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Sambucus ebulus - L.
                 
Common Name Dwarf Elder, Dwarf elderberry
Family Caprifoliaceae
USDA hardiness 4-8
Known Hazards Although no specific mention has been seen for this species, the leaves and stems of some, if not all, members of this genus are poisonous[9, 76]. The fruit of this species has been known to cause stomach upsets to some people. Any toxin the fruit might contain is liable to be of very low toxicity and is destroyed when the fruit is cooked[65, 76].
Habitats Waste ground, woods, hedgerows and scrub. especially on calcareous soils[7, 13].
Range Europe, including Britain, from the Netherlands south and east to the Mediterranean and Himalayas.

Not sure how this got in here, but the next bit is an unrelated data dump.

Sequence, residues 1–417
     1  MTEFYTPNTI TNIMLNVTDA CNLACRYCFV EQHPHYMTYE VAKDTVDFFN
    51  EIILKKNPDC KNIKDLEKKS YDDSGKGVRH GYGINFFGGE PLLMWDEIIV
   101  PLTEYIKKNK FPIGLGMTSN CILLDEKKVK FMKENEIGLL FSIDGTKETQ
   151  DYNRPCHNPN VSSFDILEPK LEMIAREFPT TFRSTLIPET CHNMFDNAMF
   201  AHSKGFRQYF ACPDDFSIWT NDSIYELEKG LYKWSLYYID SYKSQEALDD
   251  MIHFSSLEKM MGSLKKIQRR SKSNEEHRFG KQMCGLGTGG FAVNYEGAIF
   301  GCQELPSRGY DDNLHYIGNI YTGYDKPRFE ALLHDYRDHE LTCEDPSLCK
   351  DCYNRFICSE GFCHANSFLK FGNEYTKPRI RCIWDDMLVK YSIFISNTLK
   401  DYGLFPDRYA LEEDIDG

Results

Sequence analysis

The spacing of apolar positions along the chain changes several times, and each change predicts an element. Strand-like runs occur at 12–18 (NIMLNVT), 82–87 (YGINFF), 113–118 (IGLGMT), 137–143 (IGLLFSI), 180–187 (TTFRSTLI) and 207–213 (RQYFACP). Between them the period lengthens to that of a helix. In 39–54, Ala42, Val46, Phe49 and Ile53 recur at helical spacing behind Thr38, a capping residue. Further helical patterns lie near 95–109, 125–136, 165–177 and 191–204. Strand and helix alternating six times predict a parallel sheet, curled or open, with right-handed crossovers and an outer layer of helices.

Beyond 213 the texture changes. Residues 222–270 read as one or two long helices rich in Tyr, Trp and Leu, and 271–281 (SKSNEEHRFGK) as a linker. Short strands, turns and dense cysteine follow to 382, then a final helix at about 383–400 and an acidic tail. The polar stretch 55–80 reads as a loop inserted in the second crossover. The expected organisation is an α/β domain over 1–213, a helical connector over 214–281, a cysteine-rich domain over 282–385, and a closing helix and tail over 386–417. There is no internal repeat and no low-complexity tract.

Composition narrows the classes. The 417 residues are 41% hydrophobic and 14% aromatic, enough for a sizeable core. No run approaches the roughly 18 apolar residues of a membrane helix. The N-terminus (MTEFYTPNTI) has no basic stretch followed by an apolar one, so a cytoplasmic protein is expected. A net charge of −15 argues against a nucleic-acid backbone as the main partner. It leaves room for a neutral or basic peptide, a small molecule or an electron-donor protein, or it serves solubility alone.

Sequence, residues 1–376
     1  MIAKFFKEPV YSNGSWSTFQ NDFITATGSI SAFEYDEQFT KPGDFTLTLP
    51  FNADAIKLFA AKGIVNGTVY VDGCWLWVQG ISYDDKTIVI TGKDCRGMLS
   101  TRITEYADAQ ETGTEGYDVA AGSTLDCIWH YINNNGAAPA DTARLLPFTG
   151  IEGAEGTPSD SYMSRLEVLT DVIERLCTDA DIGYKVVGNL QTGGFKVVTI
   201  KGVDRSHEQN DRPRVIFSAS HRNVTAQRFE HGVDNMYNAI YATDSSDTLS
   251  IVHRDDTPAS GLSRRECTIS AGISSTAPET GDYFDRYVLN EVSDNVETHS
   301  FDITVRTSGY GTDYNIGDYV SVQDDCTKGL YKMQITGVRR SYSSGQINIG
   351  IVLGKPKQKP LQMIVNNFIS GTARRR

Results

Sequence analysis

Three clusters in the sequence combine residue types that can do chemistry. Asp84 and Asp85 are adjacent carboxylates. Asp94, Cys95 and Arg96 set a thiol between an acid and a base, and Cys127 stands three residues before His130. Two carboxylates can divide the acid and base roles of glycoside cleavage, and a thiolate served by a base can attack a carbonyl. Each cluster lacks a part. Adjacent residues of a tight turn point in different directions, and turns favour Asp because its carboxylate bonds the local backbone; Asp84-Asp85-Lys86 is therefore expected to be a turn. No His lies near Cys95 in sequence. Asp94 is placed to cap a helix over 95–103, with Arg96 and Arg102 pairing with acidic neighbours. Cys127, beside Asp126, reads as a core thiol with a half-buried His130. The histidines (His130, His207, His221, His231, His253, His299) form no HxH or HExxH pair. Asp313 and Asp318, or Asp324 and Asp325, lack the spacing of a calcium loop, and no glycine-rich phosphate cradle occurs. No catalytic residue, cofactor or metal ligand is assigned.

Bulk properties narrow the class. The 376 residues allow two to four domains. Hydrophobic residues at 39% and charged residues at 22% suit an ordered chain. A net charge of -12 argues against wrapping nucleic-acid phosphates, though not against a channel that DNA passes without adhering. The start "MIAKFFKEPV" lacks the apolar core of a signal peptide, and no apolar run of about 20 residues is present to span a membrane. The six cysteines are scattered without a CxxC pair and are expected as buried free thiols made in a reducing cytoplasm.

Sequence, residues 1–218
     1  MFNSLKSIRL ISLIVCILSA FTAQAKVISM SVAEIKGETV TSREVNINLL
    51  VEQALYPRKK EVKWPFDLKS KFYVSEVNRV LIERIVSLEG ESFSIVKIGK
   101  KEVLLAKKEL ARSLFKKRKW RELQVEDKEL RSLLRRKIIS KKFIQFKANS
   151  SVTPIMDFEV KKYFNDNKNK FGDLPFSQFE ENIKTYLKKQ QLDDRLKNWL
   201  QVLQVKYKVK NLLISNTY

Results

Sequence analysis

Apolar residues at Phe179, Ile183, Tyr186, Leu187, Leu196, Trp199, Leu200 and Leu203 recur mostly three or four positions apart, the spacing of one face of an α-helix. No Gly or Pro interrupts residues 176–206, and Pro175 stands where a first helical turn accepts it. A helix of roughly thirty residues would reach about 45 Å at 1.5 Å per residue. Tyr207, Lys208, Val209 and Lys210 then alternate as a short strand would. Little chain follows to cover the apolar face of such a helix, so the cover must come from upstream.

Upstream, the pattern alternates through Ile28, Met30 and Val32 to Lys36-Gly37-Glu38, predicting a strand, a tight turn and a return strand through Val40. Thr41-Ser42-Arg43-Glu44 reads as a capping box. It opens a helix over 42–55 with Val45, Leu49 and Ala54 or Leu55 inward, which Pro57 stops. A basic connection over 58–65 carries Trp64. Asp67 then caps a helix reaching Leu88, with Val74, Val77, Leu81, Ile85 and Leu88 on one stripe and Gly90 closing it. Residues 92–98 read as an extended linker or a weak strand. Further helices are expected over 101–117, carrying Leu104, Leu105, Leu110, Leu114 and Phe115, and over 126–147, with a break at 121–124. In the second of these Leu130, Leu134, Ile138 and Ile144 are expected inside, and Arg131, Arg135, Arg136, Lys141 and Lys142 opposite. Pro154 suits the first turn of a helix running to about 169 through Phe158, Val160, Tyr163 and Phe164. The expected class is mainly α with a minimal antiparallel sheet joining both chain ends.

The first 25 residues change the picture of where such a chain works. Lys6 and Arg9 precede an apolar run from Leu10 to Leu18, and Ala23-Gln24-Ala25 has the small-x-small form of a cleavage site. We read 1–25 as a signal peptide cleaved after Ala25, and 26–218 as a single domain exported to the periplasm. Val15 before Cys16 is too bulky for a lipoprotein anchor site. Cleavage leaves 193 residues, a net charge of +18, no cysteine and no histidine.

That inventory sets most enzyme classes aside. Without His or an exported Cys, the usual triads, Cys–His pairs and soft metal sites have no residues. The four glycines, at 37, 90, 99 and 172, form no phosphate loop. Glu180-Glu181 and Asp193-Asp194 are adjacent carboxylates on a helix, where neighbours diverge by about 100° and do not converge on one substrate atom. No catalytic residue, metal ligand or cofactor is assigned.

Edibility Rating  
Other Uses  
Weed Potential No
Medicinal Rating  
Care
Fully Hardy Moist Soil Semi-shade Full sun

Summary

Sambucus ebulus Dwarf Elder, Dwarf elderberry


http://commons.wikimedia.org/wiki/User:Bogdan
Sambucus ebulus Dwarf Elder, Dwarf elderberry
   
Physical Characteristics
 icon of manicon of flower
Sambucus ebulus is a PERENNIAL growing to 1.2 m (4ft) by 1 m (3ft 3in) at a fast rate.
It is hardy to zone (UK) 5. It is in flower from Jul to August, and the seeds ripen from Aug to September. The flowers are hermaphrodite (have both male and female organs) and are pollinated by Bees, flies, beetles, self.The plant is self-fertile.
Suitable for: light (sandy), medium (loamy) and heavy (clay) soils and can grow in heavy clay soil. Suitable pH: acid, neutral and basic (alkaline) soils. It can grow in semi-shade (light woodland) or no shade. It prefers moist soil. The plant can tolerates strong winds but not maritime exposure.